The situation out there

Chasing the money

It seems that our community has been forced into a tug of war by our government -state, federal and city- to protect our services from being decimated under the excuse of ‘economic crisis’. More money has been lost yearly in financial corruption than what is needed to keep small programs running: the recent CityTimes’ scandal in our city is an example.

This is the game we are forced into by the powers that be: stay focused on trying to keep programs open: low quality of services, abuses and mistreatment, our lack of meaningful participation in shaping our so-called public mental health system and programs policies, these issues are perennially moved to the back burner.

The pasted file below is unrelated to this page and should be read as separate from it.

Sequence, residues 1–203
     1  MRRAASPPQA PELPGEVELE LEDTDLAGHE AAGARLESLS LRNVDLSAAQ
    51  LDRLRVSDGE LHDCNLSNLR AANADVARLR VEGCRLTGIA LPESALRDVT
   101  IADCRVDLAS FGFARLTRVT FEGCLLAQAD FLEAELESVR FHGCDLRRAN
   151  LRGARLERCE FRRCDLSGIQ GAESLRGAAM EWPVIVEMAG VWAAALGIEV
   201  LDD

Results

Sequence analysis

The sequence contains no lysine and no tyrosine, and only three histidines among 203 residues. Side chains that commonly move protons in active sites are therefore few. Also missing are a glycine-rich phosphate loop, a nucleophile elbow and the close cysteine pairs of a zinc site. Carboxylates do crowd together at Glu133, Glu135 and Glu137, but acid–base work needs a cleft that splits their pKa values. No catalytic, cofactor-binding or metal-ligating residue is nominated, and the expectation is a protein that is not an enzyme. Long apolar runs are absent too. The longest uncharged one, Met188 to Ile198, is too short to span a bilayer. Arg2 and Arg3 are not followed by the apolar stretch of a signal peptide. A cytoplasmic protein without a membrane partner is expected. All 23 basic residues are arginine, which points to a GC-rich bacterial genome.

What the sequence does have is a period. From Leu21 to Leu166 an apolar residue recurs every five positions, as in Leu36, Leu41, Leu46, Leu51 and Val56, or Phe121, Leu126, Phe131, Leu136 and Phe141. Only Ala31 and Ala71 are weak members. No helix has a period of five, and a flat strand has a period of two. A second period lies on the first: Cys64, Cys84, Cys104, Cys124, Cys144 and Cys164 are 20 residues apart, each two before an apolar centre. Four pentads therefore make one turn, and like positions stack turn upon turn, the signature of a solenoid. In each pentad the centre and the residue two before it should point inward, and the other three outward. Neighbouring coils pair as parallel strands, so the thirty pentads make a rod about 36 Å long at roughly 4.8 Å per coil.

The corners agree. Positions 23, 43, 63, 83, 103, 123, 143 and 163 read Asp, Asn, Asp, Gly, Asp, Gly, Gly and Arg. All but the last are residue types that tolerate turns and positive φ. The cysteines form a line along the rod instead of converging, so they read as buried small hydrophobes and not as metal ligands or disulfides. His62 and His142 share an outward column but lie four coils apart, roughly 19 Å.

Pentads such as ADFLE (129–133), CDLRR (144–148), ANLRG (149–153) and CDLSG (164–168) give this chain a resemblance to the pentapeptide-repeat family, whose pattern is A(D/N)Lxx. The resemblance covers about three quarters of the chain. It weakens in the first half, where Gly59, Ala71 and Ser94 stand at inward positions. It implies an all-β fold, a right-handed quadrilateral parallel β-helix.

And our justice system seems unavailable for us too.


Despite so many laws supposedly there to protect us, few cases brought to courts by legal advocates denouncing discrimination and physical and mental abuses in state and private institutions are actually won. Then many are overturned on appeal. Example, DAI v OMH (among other defendants), a case about abuse and discrimination of people with disabilities won in 2010 but over turned in April 2012 on technical legal grounds: OMH argued successfully that the non-for-profit legal group it itself hired to advocate for these people had no right to do their job! Go figure.